We can now take nature’s geometry, scale it, use suitable materials and create nearly limitless applications of yet unforeseen utility. That is where C6XTY’s lattice is the elegant ‘almost universal fabric’ based on Buckminster Fuller’s observation that compression can be thought of as ‘islands’ in a sea of tension. Tension and compression can be arranged in uniform lattices.
Tension and compression, thought of as being in opposition to one another, can be tamed into an harmonious relationship. That is accomplished through triangulation. Compression is triangulated in tension. That is the key, because stable structures are triangulated. This arrangement of tension and compression results in a uniform lattice that can be optimized for the specific application.
Strong materials and lightweight structures. Doing more with less!
A unique and innovative icosahedron-based architecture for assembled structural materials. Patent-pending geometry for building structures using well-proven engineering principles in new ways to leverage the inherent compression and tension forces of standard materials to their optimal natural performance.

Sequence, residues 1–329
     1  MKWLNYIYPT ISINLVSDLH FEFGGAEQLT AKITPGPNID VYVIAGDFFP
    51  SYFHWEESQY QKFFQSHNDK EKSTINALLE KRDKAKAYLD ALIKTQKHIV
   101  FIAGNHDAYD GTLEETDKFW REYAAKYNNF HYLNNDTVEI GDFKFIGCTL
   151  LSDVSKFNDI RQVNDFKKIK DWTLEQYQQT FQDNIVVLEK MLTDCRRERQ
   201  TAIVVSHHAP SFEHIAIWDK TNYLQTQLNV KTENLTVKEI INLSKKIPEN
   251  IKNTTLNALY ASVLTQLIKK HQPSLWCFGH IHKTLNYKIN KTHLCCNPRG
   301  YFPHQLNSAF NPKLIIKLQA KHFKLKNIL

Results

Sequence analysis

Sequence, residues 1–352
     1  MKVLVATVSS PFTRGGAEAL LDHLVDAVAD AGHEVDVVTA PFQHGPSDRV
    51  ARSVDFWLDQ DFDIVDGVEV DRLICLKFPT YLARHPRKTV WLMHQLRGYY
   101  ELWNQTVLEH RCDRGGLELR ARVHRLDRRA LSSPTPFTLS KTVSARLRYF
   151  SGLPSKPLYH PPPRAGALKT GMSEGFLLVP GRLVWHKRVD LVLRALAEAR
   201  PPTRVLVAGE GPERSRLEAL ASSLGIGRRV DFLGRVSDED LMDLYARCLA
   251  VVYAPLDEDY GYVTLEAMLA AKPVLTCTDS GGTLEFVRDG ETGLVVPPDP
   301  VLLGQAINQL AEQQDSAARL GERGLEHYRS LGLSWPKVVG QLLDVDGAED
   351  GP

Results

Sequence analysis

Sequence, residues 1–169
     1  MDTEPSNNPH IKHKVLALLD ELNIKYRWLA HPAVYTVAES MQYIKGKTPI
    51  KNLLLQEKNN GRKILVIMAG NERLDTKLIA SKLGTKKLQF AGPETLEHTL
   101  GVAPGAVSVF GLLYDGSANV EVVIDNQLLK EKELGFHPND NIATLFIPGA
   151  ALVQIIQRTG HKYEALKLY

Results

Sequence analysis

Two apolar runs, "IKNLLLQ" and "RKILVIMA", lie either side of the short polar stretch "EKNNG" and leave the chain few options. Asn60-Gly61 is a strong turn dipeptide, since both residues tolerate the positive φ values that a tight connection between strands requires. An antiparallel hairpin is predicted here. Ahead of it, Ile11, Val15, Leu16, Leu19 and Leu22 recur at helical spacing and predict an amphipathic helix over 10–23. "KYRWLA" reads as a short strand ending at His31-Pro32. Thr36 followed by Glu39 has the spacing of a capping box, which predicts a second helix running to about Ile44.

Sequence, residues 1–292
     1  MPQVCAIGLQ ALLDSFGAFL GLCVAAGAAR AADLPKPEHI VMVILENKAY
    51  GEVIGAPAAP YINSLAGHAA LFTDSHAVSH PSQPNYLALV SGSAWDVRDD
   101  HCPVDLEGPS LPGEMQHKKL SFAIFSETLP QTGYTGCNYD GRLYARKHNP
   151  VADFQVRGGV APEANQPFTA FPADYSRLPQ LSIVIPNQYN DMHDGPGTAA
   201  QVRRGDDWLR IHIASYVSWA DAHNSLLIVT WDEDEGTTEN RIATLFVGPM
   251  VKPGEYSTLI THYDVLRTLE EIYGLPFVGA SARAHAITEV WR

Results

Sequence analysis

Specifically, Flextegrity geometries, from nano-to-meso-scale, utilize polyhedral elements as compression members and a proprietary tensile matrix to produce omni-directional anisotropic structural materials with superior strength-to-weight ratios and precisely definable flexibility and stiffness characteristics in every dimension.
In the development of ships, airplanes, and cars, modular manufacturing practices have resulted in higher quality and enhanced features, while at the same time reducing costs and fabrication times. Yet this innovation is rarely practiced in architecture and civil engineering.
As Kieran and Timberlake rightly argue in their book, Refabricating Architecture: “Buildings continue to be assembled largely piece by piece in the field, in much the same way that the car was put together before the advent of mass production. Where is the evolution in building construction? Why is it that large parts of our buildings are not assembled as fully integrated major components, off site, in controlled factory conditions?”